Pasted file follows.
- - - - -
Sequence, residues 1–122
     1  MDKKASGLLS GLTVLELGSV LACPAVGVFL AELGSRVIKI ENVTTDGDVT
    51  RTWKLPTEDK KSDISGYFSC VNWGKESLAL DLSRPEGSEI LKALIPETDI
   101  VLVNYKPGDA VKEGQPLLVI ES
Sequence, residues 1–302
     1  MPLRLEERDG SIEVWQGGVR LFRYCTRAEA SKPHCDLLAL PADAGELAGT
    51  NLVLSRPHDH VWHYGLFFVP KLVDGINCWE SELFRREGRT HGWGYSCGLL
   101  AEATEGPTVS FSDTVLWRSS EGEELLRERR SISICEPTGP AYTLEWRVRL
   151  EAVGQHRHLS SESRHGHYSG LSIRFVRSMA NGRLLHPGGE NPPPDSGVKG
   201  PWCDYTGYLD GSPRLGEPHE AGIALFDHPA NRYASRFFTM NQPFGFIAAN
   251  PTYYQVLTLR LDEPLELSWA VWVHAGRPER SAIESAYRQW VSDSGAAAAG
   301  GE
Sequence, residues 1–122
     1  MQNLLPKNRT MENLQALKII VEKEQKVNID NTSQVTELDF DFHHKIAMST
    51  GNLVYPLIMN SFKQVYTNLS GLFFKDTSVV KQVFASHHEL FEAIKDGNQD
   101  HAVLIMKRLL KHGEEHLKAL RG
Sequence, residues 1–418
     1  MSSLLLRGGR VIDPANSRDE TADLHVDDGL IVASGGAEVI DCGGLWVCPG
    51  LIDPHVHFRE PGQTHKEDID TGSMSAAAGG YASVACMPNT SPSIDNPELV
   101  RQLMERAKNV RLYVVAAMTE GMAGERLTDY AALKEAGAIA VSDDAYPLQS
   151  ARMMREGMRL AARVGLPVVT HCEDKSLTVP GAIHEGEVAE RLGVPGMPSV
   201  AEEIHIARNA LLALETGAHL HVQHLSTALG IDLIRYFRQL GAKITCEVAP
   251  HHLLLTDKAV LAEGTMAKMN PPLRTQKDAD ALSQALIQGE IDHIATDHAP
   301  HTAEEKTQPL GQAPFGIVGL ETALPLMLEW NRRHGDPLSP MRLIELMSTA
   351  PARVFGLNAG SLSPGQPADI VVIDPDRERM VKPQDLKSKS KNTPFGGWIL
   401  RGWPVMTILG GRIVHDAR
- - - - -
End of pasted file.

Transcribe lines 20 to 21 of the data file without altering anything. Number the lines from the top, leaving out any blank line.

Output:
   101  RQLMERAKNV RLYVVAAMTE GMAGERLTDY AALKEAGAIA VSDDAYPLQS
   151  ARMMREGMRL AARVGLPVVT HCEDKSLTVP GAIHEGEVAE RLGVPGMPSV